Cancer screening is the process of looking for the presence of a cancer before signs or symptoms develop. Cancer is easiest to treat while it is still small and has not spread to other parts of the body. By the time symptoms develop, a cancer has already spread into surrounding tissue or to other parts of the body.
Most prostate cancers are slow growing and may not cause symptoms. There are two types of screening procedures for prostate cancer.
What is Prostate Cancer Screening?
Prostate cancer screening is the process of looking for prostate cancer before symptoms develop. It is important to note that most prostate cancers are either slow-growing or do not grow at all, and some are asymptomatic.
Diagram illustrating the stages of cancer. Image courtesy of the National Cancer Institute.
The following screening tests are used to detect prostate cancer:
Digital Rectal Exam (DRE): A doctor or nurse gauges the size of the prostate as well as feels for abnormalities using a gloved, lubricated finger. In many cases, it is possible to feel the presence of larger tumors; however, a biopsy is required to verify that a tumor is present.
Prostate Specific Antigen (PSA) test: PSA is a protein that is naturally produced by the prostate. A PSA test is a blood test which measures the level of PSA. Elevated levels can be indicative of prostate cancer, but can also result from other non-cancerous conditions.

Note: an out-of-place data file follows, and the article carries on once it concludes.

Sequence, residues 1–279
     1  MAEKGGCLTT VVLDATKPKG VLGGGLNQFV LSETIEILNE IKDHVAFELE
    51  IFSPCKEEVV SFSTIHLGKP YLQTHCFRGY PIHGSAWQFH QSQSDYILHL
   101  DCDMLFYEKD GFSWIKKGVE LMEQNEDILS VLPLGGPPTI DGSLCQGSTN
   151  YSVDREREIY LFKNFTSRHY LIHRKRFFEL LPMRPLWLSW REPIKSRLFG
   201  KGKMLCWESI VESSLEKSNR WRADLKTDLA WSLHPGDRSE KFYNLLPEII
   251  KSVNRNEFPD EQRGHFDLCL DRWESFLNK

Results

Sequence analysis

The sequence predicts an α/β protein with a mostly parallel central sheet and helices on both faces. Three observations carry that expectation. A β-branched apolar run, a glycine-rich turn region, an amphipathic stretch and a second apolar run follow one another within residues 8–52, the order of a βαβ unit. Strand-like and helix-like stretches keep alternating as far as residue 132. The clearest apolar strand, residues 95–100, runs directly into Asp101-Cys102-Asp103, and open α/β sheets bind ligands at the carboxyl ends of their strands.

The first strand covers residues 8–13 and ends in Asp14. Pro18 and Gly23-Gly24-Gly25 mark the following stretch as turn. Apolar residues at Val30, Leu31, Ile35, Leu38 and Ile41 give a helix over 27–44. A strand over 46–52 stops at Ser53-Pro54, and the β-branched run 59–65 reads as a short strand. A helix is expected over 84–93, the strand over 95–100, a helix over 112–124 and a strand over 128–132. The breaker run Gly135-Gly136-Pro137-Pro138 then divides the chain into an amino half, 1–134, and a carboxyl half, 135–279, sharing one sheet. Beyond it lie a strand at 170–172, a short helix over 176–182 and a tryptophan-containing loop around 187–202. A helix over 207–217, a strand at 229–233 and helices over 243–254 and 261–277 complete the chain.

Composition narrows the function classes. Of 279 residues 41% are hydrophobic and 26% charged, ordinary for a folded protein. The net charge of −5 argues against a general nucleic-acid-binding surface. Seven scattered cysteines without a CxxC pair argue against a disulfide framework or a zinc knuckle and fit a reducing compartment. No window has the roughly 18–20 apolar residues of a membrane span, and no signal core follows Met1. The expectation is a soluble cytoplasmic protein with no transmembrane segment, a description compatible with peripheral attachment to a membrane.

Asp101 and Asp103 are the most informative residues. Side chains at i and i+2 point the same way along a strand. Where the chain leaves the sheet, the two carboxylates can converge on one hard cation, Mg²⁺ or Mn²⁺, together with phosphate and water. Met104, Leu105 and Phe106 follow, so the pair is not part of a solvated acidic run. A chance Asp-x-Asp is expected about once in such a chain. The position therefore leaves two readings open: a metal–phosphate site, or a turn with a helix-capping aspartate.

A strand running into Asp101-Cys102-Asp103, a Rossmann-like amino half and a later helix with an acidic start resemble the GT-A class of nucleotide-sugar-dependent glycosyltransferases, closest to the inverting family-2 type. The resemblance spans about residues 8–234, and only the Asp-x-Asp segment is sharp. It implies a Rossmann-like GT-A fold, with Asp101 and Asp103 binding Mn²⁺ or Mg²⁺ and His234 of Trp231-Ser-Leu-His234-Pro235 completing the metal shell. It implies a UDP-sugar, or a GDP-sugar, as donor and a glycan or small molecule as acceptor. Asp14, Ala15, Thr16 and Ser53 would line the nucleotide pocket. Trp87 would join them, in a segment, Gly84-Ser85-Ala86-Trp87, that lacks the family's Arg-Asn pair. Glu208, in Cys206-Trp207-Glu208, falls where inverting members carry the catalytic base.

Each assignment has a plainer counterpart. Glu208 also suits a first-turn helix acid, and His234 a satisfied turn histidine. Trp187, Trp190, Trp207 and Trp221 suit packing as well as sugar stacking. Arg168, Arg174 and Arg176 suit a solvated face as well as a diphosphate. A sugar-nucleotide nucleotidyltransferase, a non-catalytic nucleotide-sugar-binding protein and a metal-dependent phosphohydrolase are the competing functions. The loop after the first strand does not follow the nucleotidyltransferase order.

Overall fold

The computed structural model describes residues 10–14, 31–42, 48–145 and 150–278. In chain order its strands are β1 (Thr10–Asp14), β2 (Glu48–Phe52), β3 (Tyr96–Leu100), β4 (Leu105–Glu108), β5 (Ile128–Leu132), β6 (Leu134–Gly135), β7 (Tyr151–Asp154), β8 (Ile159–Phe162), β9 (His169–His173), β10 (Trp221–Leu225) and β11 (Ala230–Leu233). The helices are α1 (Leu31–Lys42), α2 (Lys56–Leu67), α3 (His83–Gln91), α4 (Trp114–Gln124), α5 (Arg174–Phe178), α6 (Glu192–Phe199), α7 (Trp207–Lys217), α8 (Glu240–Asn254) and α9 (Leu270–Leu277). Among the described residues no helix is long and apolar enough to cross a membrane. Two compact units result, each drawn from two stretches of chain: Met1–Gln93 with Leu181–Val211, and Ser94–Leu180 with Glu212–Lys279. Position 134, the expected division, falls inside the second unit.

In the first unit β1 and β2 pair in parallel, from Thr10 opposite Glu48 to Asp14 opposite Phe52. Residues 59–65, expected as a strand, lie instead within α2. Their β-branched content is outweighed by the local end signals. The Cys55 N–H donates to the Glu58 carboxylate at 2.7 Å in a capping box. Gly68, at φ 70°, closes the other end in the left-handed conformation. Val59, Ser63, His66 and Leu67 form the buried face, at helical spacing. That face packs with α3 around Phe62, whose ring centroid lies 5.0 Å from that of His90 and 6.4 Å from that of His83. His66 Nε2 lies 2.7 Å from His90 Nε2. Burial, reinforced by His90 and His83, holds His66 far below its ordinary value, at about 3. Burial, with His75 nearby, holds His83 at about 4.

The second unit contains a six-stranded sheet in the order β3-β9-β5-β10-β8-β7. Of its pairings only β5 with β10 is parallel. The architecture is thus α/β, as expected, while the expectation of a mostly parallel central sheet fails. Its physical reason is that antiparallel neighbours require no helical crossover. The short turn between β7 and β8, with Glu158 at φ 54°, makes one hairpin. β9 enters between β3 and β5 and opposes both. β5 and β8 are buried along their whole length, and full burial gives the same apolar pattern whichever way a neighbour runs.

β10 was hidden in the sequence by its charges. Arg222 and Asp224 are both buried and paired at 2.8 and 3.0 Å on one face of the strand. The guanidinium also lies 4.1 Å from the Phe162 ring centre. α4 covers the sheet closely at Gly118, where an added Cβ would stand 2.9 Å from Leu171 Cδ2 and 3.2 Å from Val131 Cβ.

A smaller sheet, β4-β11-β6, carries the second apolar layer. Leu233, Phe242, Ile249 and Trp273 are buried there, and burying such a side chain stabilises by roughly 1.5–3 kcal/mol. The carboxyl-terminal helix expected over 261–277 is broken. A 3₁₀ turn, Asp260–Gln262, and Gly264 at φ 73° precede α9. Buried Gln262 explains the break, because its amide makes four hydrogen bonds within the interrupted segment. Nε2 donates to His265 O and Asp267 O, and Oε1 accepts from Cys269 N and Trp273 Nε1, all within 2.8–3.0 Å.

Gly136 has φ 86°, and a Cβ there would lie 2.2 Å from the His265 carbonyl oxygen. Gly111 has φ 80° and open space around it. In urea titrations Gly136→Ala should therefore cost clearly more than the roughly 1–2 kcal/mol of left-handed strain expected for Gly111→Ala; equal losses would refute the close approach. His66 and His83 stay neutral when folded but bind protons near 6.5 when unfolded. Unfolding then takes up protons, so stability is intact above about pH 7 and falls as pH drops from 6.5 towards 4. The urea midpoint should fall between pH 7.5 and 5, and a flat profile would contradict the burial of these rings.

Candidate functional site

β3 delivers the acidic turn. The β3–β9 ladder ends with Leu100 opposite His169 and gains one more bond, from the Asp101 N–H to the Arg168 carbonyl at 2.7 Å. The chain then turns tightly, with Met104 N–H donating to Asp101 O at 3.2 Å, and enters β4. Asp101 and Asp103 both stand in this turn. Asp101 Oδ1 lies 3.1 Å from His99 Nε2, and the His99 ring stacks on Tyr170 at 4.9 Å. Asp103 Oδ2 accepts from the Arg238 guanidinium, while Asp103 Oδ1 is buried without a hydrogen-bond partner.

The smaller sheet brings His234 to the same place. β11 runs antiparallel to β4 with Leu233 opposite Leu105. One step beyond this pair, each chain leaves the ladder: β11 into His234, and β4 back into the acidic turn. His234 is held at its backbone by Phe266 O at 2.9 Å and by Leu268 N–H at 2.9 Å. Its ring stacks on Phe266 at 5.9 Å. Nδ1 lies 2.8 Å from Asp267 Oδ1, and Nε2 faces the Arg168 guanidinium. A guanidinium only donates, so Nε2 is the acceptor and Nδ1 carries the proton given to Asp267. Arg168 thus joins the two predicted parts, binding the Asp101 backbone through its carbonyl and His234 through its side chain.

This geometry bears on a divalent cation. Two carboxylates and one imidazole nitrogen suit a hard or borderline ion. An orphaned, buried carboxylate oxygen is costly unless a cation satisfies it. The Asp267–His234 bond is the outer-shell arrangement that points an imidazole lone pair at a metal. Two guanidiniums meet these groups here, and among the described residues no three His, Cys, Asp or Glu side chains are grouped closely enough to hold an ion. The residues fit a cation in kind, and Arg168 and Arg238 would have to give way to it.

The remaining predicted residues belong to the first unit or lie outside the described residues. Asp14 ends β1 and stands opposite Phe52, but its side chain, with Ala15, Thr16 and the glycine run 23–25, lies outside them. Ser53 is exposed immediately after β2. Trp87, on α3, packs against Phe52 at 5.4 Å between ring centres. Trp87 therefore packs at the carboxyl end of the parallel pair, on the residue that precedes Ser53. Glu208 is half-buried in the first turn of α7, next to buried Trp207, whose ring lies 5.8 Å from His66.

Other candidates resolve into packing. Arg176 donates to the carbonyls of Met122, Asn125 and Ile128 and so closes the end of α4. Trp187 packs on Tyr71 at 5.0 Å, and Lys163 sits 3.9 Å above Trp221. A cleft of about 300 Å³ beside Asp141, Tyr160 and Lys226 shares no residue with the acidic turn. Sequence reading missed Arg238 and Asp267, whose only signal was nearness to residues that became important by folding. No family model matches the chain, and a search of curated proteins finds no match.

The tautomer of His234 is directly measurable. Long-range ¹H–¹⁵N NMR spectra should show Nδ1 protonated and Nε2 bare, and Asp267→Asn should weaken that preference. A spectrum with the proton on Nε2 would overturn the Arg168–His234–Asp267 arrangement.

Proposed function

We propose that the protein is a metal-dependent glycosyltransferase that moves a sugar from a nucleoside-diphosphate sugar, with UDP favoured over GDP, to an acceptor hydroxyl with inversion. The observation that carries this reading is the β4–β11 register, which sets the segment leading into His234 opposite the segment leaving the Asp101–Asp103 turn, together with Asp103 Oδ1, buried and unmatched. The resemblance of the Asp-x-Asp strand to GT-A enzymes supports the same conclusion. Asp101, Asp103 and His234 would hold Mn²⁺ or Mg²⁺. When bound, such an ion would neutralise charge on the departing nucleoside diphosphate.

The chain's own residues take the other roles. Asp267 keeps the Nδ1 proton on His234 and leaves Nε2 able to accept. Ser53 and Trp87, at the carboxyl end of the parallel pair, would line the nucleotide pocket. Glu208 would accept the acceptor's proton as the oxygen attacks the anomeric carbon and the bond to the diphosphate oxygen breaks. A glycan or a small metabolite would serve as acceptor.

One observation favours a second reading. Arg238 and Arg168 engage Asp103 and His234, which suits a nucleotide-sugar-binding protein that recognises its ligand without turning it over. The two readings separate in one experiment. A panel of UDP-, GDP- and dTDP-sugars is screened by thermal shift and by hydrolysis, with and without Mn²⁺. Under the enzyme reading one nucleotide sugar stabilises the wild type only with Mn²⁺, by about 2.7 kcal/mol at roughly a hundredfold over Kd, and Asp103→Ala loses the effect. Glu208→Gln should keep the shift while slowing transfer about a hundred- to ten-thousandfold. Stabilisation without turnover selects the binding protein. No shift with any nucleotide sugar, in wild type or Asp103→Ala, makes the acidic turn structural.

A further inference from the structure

In most cases, normal results from DRE and PSA tests indicate that it is unlikely a cancer is present.
The only way to know for certain if an individual has prostate cancer is a biopsy. A biopsy is a minor surgery that removes a small part of the prostate for review under a microscope. Doctors can identify the presence of prostate cancer depending on the appearance of the cells within the biopsy sample.
Who Should be Screened for Prostate Cancer?
Prostate cancer screening recommendations vary by organization. Speak with your doctor about whether you should be screened. They will be able to assess your risk factors and determine if screening is right for you.
Risk factors for prostate cancer include:
Age (Risk increases in men 50 years and older)
Race (African American men are at increased risk)
In addition to determining whether you may benefit from prostate cancer screening, your doctor will be able to discuss all potential benefits and risks of screening.
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We welcome patients and family from all over the world, but mostly those living within a hundred-mile radius of Anderson and Greenville, South Carolina.
AnMed Health & Blue Ridge Radiation Oncology are charter members of Levine Cancer Institute's cancer care network. Carolinas HealthCare System's Levine Cancer Institute aims to build "a cancer institute without walls," by increasing access to specialist consultations, research offerings, program offerings and services to member institutions throughout the Carolinas.